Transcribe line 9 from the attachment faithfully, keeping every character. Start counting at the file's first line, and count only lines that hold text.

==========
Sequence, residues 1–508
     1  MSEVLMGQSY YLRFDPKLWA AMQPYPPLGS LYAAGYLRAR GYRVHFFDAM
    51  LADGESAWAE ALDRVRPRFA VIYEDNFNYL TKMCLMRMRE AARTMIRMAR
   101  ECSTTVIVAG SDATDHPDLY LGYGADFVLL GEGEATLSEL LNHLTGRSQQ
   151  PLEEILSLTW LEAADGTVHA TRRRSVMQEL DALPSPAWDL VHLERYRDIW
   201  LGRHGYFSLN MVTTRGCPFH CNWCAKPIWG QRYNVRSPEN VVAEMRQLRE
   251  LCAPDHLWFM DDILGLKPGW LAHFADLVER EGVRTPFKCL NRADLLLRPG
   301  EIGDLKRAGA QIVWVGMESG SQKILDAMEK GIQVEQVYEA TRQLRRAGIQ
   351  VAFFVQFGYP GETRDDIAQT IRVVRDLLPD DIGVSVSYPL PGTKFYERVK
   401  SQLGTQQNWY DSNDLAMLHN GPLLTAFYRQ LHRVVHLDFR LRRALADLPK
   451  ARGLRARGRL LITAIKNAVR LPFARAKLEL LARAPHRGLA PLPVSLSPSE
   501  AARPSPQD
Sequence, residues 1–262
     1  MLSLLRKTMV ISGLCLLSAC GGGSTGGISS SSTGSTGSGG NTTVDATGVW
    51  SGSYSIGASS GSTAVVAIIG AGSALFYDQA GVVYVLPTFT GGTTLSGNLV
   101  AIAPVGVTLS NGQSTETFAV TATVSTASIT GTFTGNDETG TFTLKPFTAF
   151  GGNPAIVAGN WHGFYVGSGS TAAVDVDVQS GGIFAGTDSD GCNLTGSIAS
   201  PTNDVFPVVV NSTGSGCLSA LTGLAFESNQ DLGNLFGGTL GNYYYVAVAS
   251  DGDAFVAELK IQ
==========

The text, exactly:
   351  VAFFVQFGYP GETRDDIAQT IRVVRDLLPD DIGVSVSYPL PGTKFYERVK